Conway said more than 90 percent of practices met first-year practice transformation requirements, but he suggested that more time -- and more data -- were needed to assess the program's impact on the quality of patient care.

He urged stakeholders to interpret results cautiously, but added, "These early results are consistent with the possibility that the model will eventually break even or generate savings."

Conway then turned his attention to the MAPCP demonstration. He noted that in its first year, the project generated about $4.2 million in savings by using advanced primary care initiatives designed to promote patient-centered medical home (PCMH) principles such as access to care, care coordination and patient experience.

The initiative involved more than 3,800 providers in 700 practices. About 400,000 Medicare beneficiaries participated in the first year.

"The rate of growth in Medicare FFS (fee-for-service) health care expenditures was reduced in Vermont and Michigan, driven largely by reduced growth in inpatient expenditures," wrote Conway. However, evidence showing that state initiatives reduced hospitalizations, readmission and emergency department visit rates was less robust.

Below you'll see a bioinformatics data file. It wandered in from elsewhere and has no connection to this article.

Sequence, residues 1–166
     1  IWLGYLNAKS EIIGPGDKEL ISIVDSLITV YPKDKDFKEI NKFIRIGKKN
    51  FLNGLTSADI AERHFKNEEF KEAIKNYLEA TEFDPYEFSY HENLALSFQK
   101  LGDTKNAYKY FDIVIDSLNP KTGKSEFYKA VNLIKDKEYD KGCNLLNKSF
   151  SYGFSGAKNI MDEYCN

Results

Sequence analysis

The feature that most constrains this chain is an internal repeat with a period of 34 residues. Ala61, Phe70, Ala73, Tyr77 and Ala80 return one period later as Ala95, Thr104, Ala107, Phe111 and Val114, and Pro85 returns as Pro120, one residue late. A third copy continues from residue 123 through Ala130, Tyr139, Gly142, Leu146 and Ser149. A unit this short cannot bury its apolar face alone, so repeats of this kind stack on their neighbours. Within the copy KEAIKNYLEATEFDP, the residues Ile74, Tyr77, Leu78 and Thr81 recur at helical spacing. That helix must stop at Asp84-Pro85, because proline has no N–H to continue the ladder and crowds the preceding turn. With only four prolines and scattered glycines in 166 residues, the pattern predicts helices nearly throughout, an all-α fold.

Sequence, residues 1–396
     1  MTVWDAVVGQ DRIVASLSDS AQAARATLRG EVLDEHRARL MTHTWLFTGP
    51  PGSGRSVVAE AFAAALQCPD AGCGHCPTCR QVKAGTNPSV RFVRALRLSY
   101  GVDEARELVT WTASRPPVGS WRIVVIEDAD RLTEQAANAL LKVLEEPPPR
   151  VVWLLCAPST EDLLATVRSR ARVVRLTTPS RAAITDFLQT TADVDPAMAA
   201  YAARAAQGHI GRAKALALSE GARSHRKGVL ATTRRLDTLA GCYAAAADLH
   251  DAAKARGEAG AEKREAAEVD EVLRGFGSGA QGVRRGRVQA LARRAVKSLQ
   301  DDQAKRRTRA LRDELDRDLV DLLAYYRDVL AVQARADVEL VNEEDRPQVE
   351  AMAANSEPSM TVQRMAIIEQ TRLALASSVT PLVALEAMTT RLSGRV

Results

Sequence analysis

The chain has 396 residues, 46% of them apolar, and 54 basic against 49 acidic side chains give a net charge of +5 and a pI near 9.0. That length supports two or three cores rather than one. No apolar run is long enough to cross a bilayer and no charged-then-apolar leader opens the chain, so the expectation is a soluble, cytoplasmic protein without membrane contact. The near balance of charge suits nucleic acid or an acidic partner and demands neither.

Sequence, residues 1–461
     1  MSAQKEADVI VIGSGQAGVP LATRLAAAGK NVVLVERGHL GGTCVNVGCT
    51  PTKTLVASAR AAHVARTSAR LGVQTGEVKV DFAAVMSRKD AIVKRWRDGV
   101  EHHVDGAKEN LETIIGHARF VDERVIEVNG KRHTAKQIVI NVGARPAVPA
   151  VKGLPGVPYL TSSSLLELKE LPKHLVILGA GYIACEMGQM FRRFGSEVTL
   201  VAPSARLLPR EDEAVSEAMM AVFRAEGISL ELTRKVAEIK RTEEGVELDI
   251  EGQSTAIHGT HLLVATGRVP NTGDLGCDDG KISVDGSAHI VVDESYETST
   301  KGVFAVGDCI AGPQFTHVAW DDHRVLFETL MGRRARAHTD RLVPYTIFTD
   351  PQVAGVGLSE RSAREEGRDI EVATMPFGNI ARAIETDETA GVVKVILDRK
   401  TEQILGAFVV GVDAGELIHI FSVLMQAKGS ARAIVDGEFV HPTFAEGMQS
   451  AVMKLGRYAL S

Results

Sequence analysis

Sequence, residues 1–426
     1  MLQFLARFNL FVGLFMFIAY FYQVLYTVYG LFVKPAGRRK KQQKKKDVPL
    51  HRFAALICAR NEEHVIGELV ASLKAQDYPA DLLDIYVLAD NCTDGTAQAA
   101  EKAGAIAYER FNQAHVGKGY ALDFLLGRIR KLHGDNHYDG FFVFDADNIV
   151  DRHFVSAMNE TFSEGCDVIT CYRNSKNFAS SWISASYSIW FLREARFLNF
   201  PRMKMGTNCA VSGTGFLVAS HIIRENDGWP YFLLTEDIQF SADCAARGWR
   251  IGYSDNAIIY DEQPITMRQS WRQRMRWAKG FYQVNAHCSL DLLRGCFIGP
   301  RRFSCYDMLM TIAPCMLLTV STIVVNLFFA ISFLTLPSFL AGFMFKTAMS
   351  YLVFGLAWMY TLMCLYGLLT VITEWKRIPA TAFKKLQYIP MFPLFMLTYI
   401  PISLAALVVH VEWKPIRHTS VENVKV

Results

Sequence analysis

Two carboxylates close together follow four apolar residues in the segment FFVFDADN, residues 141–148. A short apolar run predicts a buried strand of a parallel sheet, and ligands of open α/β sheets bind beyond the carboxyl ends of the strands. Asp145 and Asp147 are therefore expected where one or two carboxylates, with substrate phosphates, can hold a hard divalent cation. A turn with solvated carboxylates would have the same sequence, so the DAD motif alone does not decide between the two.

Thanks to funds provided through the program, practices were able to employ nurse care managers or care coordinators, restructure staff, improve patient flow and implement health information technology.

Conway called the collection and use of health IT data a "recurring challenge" but said technology facilitated the transformation process.

The first-year results from the MAPCP project "illustrate the potential for steady improvements" in primary care practices' ability to deliver high-quality coordinated health care to patients, said Conway.